The masters of landscape photography seem to have the ability to capture a special quality of light in their photographs. It doesn’t matter whether they use film or shoot digital, their images stand out.
There are certain things about these images that do more than just appeal to us – we are drawn into to them. They capture our imaginations, stir our interests and perhaps show us moments in nature we could only hope to experience. We want to linger with them, explore them, take them in, get lost in them.
Without a doubt these photographs have compositions that are very strong, are bathed in fantastic light and have technical qualities of exposure and sharpness that are perfect. These are all decisions that the artist makes in the field, decisions that are critical to a strong image.
In the days of film, a good portion of the magic was done in the darkroom. That’s where their genius really became apparent. And it hasn’t changed today. We don’t actually have dark rooms to work in, closed rooms with the strange array of mysterious orders and the soft, dim yellow lighting. Today we have powerful software running on even more powerful computers. But really, how is that different from what the film Masters did in the darkroom? I don’t believe it is. I can’t think of anything that’s been done with “Photoshopped” photographs that hasn’t already been done in the darkroom. It’s probably a lot easier to do it in Photoshop but in the end, both the chemical darkroom and the electronic darkroom serve the same end, that being creating those “Wow” images.
In this series of posts I want to spend more time considering some techniques you can apply in the darkroom that will add impact to your images.
Use the Full Dynamic Range of Your Medium
The first darkroom technique I would like to discuss is the importance of using the full dynamic range of your medium. This is not something new. When Ansel Adams developed the zone system it was precisely for this purpose – to use the full dynamic range of the black and white negative and ultimately the black and white print. But what exactly does it mean to use the full dynamic range of the medium. Let me illustrate with an Ansel Adams image I have loved for many years, one I’m privileged to be able to live with in my home – “Moon and Half Dome.”
In this exquisite photograph if you are able to examine an original closely you will notice that the shadow on the left may look like it is totally black but actually there is subtle detail. However, there are some very small areas that are pure black. Also, the moon and the bright parts of Half Dome may look like they are pure white but a closer look will reveal detail in these areas also. This photograph takes full advantage of the full dynamic range of the paper, from the blackest black to the whitest white.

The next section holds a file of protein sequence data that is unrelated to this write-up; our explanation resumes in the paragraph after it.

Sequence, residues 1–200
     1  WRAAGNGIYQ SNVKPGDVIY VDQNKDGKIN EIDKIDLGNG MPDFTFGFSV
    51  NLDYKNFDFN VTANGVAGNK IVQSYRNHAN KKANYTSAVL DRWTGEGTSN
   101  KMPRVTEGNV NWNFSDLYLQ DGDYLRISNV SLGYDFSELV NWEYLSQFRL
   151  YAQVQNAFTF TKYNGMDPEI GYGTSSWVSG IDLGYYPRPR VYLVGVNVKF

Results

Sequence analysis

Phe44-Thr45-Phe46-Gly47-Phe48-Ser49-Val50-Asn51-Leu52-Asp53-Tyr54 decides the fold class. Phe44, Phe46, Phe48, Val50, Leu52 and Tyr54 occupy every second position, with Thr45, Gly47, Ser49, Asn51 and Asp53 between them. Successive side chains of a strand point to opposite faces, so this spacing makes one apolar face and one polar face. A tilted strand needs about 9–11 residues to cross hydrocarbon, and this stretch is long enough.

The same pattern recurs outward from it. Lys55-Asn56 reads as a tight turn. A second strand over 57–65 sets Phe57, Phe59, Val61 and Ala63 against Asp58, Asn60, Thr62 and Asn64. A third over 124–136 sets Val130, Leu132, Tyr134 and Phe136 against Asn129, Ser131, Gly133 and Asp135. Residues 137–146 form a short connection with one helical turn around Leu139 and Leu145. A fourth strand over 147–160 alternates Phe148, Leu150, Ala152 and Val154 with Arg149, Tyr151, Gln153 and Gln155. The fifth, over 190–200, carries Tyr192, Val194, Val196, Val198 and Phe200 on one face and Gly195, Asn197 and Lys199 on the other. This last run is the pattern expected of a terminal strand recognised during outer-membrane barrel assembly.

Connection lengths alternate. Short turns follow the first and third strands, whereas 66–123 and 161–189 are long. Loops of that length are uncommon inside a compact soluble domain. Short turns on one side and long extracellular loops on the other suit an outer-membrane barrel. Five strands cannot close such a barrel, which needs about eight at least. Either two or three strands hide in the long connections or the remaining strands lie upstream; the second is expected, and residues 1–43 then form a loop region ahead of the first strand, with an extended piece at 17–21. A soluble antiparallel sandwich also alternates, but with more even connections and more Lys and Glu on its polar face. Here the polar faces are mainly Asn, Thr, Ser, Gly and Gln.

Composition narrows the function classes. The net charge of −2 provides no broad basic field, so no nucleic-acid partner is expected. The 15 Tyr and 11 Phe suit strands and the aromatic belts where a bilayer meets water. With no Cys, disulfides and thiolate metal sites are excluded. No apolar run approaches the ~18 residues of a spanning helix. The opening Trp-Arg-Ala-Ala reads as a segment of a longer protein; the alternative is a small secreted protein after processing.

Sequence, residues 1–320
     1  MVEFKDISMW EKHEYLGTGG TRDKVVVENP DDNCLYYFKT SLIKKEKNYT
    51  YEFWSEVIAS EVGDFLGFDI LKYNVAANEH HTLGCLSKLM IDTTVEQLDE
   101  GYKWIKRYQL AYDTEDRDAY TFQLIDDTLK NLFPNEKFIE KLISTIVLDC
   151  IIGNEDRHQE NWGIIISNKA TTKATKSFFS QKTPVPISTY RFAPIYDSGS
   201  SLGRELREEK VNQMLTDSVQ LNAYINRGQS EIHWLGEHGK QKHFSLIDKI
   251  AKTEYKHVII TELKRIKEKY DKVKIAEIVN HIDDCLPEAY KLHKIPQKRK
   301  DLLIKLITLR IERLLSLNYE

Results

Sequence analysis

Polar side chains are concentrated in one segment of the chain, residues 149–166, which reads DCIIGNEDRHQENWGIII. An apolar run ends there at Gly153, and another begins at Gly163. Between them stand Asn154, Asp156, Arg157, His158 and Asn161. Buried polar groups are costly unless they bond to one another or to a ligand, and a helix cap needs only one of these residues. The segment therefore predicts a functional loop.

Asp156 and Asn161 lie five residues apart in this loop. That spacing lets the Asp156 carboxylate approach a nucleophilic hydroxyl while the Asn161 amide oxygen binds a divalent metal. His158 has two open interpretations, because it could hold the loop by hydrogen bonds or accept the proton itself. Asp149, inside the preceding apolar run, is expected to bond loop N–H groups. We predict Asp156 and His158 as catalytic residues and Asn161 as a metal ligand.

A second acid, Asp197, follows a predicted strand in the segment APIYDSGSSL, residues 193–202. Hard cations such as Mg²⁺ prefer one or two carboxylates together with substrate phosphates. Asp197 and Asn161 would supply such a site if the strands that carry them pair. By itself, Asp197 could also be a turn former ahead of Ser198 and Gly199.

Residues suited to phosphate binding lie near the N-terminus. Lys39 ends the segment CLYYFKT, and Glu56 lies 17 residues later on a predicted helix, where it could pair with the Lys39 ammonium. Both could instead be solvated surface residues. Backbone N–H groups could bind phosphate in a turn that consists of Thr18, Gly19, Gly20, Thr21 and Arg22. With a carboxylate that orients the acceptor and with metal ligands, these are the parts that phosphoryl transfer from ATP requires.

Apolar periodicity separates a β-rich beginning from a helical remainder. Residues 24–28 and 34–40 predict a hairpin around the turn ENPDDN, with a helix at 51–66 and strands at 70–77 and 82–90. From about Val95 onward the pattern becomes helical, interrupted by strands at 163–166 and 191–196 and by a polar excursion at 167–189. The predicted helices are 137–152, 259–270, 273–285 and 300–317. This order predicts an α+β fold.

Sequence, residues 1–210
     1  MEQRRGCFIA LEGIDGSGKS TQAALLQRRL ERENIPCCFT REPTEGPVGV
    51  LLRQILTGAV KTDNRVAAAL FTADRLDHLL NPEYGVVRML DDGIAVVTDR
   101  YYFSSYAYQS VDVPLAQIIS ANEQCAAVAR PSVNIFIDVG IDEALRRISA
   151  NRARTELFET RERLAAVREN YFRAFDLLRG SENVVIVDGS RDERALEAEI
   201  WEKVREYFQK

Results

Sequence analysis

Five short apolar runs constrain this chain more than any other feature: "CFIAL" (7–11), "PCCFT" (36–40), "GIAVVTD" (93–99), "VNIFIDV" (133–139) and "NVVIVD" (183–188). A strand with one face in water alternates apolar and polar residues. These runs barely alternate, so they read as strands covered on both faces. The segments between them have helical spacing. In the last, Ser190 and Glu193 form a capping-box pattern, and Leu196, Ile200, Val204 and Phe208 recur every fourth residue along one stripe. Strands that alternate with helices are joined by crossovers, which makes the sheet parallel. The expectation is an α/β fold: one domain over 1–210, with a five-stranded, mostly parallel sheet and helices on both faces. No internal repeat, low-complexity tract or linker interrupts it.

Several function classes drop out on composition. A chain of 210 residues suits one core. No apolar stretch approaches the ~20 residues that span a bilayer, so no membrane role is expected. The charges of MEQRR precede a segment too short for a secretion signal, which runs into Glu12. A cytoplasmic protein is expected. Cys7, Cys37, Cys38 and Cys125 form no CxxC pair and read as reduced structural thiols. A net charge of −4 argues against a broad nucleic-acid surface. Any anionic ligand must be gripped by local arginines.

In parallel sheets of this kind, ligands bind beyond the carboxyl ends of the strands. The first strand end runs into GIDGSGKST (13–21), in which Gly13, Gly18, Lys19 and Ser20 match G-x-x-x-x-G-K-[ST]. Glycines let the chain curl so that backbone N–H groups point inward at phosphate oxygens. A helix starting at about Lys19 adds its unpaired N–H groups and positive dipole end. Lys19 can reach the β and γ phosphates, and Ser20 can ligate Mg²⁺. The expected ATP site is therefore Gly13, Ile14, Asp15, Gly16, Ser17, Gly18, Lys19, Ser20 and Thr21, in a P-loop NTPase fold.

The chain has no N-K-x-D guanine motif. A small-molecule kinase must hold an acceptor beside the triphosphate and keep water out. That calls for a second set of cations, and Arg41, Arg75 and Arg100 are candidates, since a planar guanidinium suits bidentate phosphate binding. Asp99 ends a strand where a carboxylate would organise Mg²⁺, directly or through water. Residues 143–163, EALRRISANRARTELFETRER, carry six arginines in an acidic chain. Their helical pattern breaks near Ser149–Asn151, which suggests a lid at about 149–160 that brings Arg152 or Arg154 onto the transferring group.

Continue reading “Creating Images with Impact – Dynamic Range of the Medium” »
Tags: black point, Darkroom, digital photography, dynamic range. histogram, film photography, landscape photography, Lightroom, medium
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I recently read an article by William Neill in the September Outdoor Photography magazine titled “Need to Know” that really resonated with me. His main point is, don’t let the acquisition of gear and techniques interfere with the experience. There’s so much information out there, so many people offering advice on techniques for composing, exposing and post processing. But in Neill’s journey he has developed what he calls, ‘… a simple but effective tool set.”
A foundation of gear and technique is important in capturing the experience. But it is the experience that is what we’re out there for, not histograms or depth of field or leading lines.
Continue reading “Making a Photograph – Two Sides of the Coin” »
Tags: aperture priority, composition, creative, depth of field, exposure, focus, gear, histogram, landscape, leading lines, light, manual, Outdoor Photography, photograph, photography, sharpness, skills, technical, William Neill
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As I continue reading Ansel Adam’s fascinating book, ”Examples The Making of 40 Photographs” I continue to come across insights that I wish to share with you.
“Tenaya Creek Dogwood Rain” was taken one overcast spring day in 1948 as Adams was out looking for dogwoods to photograph. He notice something along Tenaya Creek up by Mirror Lake and went exploring. It was starting to rain and he almost returned to his car and the warmth of his accommodation when this scene caught his eye. He went back to his car to retrieve his photographic gear including his 8X10 view camera.